Which used Land Rover Freelander 4x4 should I buy?
Early Freelanders came with a choice of a 1.8-litre petrol or a 2.0-litre diesel engine, shared with the old Rover 600.
In 2000, the diesel was replaced by BMW’s much more modern 2.0-litre engine, which has 108bhp. That’s the engine to go for: it’s more powerful, quieter, and it’s far more reliable than the petrol alternative, which is prone to head gasket failure.
Bodies came in a choice of three or five doors. The three-door version had a removable plastic roof section at the back (augmented by a folding soft-top and lift-out panels over the front seats), which allows for partially open-top motoring.
Although interior space is not much different, the five-door Freelander is definitely the better option, because it’s more practical and less prone to leaks.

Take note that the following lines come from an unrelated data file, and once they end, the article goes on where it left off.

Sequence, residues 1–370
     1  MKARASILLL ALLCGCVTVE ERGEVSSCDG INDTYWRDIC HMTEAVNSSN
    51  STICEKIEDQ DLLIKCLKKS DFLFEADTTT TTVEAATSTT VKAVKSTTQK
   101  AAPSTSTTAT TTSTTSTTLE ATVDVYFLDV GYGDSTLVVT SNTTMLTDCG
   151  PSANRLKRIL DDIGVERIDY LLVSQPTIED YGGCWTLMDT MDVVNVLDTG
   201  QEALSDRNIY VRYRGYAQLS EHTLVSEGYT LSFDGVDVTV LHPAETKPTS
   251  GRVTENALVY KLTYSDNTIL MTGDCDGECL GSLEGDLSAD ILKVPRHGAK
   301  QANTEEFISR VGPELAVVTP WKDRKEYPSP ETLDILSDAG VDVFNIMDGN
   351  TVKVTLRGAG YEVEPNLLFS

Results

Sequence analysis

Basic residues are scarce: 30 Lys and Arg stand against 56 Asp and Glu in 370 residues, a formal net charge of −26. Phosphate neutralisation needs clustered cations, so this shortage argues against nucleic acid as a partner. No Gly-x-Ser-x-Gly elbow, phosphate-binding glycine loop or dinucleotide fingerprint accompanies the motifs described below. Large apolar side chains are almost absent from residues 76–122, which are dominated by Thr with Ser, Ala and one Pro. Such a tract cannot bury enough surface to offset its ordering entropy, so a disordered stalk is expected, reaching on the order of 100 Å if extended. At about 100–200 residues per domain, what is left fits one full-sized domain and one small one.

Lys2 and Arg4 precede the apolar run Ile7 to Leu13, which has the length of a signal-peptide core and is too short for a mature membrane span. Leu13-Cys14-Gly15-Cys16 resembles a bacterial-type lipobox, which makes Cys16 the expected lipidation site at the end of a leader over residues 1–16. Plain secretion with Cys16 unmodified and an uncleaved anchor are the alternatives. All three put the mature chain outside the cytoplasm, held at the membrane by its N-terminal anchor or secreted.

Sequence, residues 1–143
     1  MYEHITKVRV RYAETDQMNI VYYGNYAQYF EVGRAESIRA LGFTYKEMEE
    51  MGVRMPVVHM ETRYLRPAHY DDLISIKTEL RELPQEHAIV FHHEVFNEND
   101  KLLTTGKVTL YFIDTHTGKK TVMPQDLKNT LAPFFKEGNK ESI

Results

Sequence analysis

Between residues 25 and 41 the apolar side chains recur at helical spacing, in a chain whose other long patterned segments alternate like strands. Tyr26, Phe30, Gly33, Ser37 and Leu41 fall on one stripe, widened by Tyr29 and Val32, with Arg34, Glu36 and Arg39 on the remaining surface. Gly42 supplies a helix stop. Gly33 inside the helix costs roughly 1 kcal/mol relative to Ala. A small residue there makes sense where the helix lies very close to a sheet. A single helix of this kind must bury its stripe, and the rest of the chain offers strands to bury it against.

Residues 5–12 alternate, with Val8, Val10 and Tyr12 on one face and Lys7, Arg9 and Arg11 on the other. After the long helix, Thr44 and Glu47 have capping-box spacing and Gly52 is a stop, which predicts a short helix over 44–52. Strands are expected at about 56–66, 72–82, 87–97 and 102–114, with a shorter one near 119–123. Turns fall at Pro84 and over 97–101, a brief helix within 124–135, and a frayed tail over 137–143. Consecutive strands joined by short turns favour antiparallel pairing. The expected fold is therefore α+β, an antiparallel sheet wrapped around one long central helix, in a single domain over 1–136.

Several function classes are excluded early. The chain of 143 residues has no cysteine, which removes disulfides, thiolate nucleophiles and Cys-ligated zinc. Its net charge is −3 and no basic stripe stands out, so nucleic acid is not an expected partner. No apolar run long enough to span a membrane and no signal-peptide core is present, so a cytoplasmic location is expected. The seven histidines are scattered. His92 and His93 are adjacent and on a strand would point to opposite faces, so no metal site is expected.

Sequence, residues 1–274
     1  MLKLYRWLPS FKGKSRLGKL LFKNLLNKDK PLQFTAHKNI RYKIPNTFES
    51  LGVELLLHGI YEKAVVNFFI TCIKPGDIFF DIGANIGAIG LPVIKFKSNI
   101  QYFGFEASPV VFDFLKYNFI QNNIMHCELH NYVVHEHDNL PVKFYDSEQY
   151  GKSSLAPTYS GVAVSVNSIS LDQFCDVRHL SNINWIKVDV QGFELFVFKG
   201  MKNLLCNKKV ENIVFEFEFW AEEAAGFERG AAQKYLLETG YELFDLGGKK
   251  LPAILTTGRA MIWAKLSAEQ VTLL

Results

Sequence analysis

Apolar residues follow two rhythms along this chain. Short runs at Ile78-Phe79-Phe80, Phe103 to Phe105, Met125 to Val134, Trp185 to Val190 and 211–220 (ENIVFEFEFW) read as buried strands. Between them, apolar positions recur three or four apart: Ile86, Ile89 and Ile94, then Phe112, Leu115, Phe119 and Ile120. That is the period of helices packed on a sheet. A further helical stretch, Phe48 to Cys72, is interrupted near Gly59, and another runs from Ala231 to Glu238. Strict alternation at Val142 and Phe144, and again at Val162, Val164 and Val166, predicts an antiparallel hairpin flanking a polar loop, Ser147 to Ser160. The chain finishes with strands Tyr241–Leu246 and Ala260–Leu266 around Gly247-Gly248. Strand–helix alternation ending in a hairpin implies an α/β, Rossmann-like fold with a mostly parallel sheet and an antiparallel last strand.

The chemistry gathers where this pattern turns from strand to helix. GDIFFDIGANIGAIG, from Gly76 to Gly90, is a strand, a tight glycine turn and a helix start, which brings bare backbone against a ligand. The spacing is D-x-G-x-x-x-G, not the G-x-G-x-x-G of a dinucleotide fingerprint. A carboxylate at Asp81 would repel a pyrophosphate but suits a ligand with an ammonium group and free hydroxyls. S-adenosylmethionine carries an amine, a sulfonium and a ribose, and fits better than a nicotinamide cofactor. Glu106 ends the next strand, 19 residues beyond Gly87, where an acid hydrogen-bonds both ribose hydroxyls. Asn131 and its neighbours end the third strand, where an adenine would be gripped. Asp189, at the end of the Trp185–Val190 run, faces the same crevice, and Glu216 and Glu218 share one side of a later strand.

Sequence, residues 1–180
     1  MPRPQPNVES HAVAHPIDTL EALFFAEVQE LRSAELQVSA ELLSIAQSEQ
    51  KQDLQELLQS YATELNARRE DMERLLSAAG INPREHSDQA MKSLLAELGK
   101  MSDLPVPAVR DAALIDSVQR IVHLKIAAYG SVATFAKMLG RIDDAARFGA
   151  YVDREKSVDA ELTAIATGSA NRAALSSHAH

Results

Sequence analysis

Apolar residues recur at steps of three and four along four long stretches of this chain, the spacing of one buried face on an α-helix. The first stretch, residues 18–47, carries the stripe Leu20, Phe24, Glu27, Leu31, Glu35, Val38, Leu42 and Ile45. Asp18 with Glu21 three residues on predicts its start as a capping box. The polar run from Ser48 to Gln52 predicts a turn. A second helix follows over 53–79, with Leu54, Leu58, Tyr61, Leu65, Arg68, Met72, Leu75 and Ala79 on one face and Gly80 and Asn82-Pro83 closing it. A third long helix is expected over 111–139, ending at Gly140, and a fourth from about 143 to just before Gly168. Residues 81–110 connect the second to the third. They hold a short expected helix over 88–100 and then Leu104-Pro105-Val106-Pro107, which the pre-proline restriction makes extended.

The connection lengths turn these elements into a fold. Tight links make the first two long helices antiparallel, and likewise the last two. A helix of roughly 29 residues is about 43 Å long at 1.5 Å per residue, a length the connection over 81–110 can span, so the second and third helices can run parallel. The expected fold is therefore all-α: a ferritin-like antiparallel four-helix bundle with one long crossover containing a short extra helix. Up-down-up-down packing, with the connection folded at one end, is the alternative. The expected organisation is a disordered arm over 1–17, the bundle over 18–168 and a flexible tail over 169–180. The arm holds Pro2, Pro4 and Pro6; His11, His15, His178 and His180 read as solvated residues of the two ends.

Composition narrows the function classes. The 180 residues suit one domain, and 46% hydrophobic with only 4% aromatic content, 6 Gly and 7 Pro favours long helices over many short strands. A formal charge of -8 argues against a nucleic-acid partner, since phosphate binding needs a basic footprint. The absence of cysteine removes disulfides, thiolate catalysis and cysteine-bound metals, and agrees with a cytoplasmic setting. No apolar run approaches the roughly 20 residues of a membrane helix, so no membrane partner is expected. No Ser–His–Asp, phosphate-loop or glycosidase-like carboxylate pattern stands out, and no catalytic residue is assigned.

Freelanders were reasonably equipped in their day, but now seem basic; the cheapest E models didn’t even get air-conditioning or electric door mirrors. You really need to track down a range-topping HSE version to get anything like contemporary levels of equipment, such as air-conditioning, a CD-multichanger, fog lights and leather upholstery.
The rare 2.5-litre six-cylinder petrol model is best avoided – it’s smooth and quiet, but reliability is suspect and it’s very thirsty.
Our favourite used Land Rover Freelander: 2.0 TD4 HSE 5dr